So people like me, with hormone receptor positive, metastatic breast cancer and some bone lesions to prove it, can get lumpectomies to improve their mortality. We can do things that defy the odds. And we will do everything we can to cling to this light we call life for as long as it will have us. Our beautiful, full and rich lives in which we seek only to live and find compassion in those around us as we rage at those who speak from a platform of ignorant generalizations.

I am the only me that has or ever will be.

Don’t forget me.

My Bi Monthly Cancer Wellness Survey

If someone handed you a clipboard with a survey attached regarding your “wellness” today, how would you respond? Doing my best to circle the closest answer to each inquiry using various rating scales, I hand the one-sided piece of paper sharing all my hopes, dreams, pains, and happiness to one of two nurse practitioners. Neither can truly comprehend the fitness of m6 mind and body by grazing over my confessional. Worse, they seem as uninterested with a quick flick of the wrist it’s tossed on the exam room counter, after it’s removed from the clipboard. I believe I spotted an eye roll of cynicism as I sat watching for an6 sign of interest on their face.

As always I inadvertently misappropriate the ballpoint pen on temporary loan I really don’t need, given my penchant for purchasing an embarrassment of redundant office supplies, to fill in the survey: “YOUR WELLNESS: how well you feel so your cancer center staff could attend better to your needs?”

The Stranger
Immediately an Existential crisis ensues. Such questions provoke an intensely dramatic Shakespearian-Hamletesque- “to be or not to be” soliloquy of the mind, or just plain thought vomit. Hopefully I don’t puke all over the page as I must determine the scale on which my most important stressors exist including appetite and nausea. For instance, rating my ability to think and judging during this particular day a level of satisfaction with my relationships? Seriously I think it’s not cogent at the moment, but I answer evoking my centrist point if view, since going too far right means I’m really angry and headed too far left means I’m going insane with happiness. The middle answer for the question is “sometimes.” Makes sense I suppose and I do not need those prescriptions adjusted.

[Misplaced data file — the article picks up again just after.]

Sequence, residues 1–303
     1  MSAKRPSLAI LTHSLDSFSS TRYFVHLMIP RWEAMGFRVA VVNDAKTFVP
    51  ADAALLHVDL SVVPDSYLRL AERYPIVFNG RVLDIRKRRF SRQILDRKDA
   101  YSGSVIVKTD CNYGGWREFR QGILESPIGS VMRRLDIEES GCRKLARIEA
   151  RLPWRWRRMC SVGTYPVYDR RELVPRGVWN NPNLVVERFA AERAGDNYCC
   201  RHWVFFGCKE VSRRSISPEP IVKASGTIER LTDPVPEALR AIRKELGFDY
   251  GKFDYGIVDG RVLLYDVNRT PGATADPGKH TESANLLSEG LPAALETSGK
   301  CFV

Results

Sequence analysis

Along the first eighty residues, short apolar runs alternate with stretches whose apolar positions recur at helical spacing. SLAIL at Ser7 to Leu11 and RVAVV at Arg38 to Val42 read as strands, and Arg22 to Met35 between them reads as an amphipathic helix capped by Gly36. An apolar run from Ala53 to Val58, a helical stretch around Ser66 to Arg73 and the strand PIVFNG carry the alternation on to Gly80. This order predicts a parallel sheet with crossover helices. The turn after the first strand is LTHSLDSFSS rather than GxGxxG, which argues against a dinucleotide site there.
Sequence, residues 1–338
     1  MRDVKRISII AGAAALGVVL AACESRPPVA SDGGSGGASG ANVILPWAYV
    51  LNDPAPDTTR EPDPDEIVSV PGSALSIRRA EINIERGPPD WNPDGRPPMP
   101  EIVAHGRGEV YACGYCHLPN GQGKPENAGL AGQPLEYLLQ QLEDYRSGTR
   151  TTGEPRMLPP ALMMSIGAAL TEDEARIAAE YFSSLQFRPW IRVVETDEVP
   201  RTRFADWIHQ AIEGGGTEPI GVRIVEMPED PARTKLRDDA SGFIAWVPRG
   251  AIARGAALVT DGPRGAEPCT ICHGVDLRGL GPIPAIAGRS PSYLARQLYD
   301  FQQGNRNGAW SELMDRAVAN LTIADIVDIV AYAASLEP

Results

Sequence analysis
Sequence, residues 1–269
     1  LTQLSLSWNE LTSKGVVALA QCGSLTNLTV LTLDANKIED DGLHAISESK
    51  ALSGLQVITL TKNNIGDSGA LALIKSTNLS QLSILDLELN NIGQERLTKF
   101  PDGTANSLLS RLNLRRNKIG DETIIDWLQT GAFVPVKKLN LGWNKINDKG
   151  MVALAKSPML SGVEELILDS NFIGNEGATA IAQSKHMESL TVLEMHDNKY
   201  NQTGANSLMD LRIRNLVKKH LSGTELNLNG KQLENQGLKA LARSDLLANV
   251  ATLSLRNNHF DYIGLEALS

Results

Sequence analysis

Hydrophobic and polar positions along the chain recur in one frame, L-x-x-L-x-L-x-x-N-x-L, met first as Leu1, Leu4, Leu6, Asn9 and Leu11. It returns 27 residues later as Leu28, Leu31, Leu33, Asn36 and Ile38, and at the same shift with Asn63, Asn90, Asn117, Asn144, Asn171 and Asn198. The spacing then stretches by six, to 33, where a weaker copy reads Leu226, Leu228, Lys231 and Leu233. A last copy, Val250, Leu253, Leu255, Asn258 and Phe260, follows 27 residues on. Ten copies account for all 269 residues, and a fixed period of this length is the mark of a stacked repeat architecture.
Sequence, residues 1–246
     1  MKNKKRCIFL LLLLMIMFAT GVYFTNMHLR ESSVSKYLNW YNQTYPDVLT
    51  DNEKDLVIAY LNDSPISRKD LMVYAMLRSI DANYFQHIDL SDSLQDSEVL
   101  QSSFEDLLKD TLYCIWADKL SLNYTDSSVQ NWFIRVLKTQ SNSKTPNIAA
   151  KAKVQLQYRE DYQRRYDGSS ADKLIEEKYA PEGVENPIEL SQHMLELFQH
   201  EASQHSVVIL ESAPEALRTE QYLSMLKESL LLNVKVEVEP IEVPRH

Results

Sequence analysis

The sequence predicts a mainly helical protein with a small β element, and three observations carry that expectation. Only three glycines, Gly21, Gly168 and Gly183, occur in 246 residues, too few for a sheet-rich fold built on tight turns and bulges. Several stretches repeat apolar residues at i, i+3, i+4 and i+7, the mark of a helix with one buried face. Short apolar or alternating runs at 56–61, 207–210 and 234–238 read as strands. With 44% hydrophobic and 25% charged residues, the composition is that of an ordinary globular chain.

Also I’m pursued by this paper chasing mind stalker to rate my current pain level. Do you mean right now? This morning when I got up? In general? If they mean at that moment right then or that just passed while I’m filling out this supposedly innocuous survey of my overall well-being? It’s giving me gas and a bit of acid reflux, plus this pen is really crappy for a nice place like Stanford and gives me a hand cramp that won’t let up due to neuropathy. (Note to self, donate nice pens for metastatic patients to lift in my last will and testament.)

What does it all mean?
Now the real kick in the ass – how I rate the meaningfulness of my life on a scale from excellent to poor, my activities in my home, social life, and community rating from completely to not at all. Two specific questions require an essay by Diogenes regarding cynicism and stoicism but there’s no blanks for open form answers. If you’ve read my posts you’re thinking the form might require five pages of addendum to control my verbosity. The questions in question:
My life lacks meaning?
Irritable, anxious, or depressed?
Rated from “never” to “always,” and “sometimes” the middle ground, on this particular day, I circled “sometimes.”

Sometimes my life lacks meaning for reasons such as my usefulness to society in general, to my financial stability, to my husband, to my friends, even to my customers in my Etsy shop – shameless self prhttp://www.yeuxdeux.etsy.com – should you want to do some holiday gift shopping from a very small business that directly supports metastatic breast cancer at the grass-roots level.

The purpose of consciousness might be as simple as love. Therefore we are all here to bring each other joy through love. And I firmly believe love is our purpose. What if, as imperfect as we are, we can achieve a clearness of mind to allow our thoughts about people to fall away, and rather than judge them love them instead? Wow! the joy we could feel if we lived without those thoughts, and the love we truly feel could comfortably be shared even further than inside the doors of our rooms.

Try a little tenderness.
Experiment with the following: show a little love to somebody you don’t particularly like today and see how your whole attitude about them and yourself changes in an instant. Perhaps, you can love yourself a bit more, too. But don’t give them a satisfaction survey when they’ve been loved sufficiently by yours and their agreement, because you’ll lose the squishy warm feeling of human interaction to the marketing puffery even taking place in your personal brand study.

Cynical? Nah.